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Setting the record straight on accelerated approval

Is the accelerated approval pathway helping patients achieve better health outcomes or imposing on society medicines that don’t work? In BIO’s view, the pathway provides incredible benefit to patients with serious unmet medical need, and there’s data to back it up.

The pathway relies on surrogate endpoints that can reasonably predict whether a treatment will result in clinical benefit, such as tumor shrinkage or a lab result. For more than 30 years, the pathway has successfully sped up the development of new medicines for people with life-threatening conditions and few treatment options. But that hasn’t stopped critics from spinning misleading studies meant to cast doubt on the pathway.

The most recent example – published in JAMA Network – claims that nearly half of cancer medicines granted accelerated approval lack clinical benefit because they don’t improve overall survival. Recent commentary and new research demonstrate why this assertion is wrong and accelerated approval is worth supporting.

  • A “drive-by analysis.” Steve Usdin, Washington editor for BioCentury, takes aim at the JAMA study, calling it “irresponsible” and “intellectual malpractice” for suggesting nearly half of accelerated approved cancer medicines are useless. Usdin points out that a lack of data on whether a drug has extended lives is different than proving it doesn’t extend lives. He also explains the practical – and ethical – challenges of studying overall survival, which is why it’s often not required by the Food and Drug Administration (FDA) to confirm a medicine’s benefit. Other experts – including former FDA official Peter Pitts and Dr. Timothy Franson – were also critical of the JAMA paper for making “sweeping generalizations” that distort the reality of accelerated approval.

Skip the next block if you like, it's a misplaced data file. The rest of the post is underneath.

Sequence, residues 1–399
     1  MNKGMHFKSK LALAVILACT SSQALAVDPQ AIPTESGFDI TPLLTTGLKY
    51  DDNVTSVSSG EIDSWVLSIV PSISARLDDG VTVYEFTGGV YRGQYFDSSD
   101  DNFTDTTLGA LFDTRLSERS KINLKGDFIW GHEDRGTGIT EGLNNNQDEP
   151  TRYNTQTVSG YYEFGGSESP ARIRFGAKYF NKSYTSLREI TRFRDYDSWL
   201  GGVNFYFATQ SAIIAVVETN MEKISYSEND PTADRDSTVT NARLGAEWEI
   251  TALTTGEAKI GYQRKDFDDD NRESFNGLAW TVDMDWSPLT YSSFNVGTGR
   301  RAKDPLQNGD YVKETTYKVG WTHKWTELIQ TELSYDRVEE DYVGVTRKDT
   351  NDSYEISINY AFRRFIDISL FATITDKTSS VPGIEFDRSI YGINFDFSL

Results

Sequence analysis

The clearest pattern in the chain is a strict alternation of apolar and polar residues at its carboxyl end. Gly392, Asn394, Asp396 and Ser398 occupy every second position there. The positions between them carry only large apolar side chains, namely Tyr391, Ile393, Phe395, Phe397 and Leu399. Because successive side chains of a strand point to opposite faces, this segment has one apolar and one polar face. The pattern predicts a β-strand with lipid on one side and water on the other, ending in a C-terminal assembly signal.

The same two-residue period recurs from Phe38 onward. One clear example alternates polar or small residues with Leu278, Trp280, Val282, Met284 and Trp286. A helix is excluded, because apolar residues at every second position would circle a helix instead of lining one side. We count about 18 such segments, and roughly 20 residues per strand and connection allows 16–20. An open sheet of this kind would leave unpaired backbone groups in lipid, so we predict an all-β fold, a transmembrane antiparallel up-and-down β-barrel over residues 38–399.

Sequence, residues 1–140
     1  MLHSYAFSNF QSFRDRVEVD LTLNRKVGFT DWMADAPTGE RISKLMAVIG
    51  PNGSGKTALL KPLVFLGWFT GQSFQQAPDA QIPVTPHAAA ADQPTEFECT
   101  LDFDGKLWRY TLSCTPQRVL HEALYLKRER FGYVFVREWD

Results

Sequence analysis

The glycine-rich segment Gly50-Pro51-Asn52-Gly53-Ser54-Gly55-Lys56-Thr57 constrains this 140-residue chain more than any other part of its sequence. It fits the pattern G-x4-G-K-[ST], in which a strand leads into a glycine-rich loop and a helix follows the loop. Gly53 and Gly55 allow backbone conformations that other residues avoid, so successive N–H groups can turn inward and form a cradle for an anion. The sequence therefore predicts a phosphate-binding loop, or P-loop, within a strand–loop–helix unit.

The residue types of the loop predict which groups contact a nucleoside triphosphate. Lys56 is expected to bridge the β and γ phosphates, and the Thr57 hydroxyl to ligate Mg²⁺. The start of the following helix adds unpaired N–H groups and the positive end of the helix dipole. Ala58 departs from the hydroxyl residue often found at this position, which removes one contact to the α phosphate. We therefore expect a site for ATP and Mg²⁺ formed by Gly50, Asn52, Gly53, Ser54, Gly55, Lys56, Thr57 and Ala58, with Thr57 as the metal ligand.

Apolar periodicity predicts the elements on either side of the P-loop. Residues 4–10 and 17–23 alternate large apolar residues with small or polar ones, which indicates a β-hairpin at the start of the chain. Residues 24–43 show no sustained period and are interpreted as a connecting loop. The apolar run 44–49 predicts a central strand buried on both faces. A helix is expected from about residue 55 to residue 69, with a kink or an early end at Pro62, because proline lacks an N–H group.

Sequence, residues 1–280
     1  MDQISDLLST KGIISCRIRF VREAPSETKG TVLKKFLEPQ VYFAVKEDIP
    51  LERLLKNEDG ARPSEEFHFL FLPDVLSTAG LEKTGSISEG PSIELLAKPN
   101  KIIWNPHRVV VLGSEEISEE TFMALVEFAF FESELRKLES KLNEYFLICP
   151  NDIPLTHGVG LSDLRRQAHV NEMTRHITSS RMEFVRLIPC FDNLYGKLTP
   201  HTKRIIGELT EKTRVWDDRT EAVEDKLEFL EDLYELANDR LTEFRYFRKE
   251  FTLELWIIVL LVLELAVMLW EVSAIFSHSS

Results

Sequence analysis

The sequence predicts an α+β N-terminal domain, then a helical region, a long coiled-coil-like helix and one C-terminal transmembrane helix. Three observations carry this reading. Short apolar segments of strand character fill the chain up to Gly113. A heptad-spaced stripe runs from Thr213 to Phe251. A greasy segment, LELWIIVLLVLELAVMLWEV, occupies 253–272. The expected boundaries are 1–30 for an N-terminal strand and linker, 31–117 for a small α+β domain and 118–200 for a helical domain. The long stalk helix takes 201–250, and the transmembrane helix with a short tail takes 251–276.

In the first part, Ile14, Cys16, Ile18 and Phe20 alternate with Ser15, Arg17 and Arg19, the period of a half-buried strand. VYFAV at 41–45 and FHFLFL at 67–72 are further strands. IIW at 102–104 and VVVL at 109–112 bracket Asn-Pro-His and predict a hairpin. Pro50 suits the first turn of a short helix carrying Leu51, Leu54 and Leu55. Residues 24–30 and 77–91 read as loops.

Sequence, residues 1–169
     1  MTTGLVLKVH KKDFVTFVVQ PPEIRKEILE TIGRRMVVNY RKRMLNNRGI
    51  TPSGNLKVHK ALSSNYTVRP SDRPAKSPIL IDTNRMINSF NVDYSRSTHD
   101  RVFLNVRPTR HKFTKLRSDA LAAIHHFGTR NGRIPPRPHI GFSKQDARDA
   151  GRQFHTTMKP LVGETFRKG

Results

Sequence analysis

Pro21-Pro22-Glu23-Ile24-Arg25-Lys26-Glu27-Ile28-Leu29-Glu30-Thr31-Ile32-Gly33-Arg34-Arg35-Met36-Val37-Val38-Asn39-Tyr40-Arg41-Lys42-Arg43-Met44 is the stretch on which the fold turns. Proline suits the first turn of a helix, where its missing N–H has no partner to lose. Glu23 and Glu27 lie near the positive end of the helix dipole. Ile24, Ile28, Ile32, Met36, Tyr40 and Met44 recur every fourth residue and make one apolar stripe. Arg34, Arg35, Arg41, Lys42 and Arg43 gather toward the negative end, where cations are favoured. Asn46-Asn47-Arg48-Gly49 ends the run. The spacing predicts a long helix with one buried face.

• Extending lives for people with cancer. If the authors of the JAMA study think there isn’t data to show accelerated approval extends patients’ lives, a study just published in the Journal of the National Comprehensive Cancer Network proves otherwise. The study looked at 69 cancer therapies that received accelerated approval. Researchers found that across the 69 therapies, between 2006 and 2022, the earlier access to the treatments added roughly 263,000 life years across 911,000 cancer patients. With these benefits in mind, the authors conclude that “any major change to the program should consider the impact on patient outcomes for groups with a high unmet need.”
  • Helping disadvantaged communities. A new Avalere analysis found accelerated approval helps Medicare beneficiaries in underserved communities gain access to life-changing medicines. According to the analysis, accelerated approval led to a significant increase in new treatments for patients with blood cancers, other cancers, and iron overload disorders. The pathway is providing new treatments for people disproportionately impacted by certain life-threatening conditions, such as Black and Asian communities impacted by blood disorders, leading to improved outcomes and fewer disparities in care.

The facts clearly show the accelerated approval pathway is providing new hope and meaningful new treatments for patients to fight their disease, and why we shouldn’t be misled by biased studies that distort reality.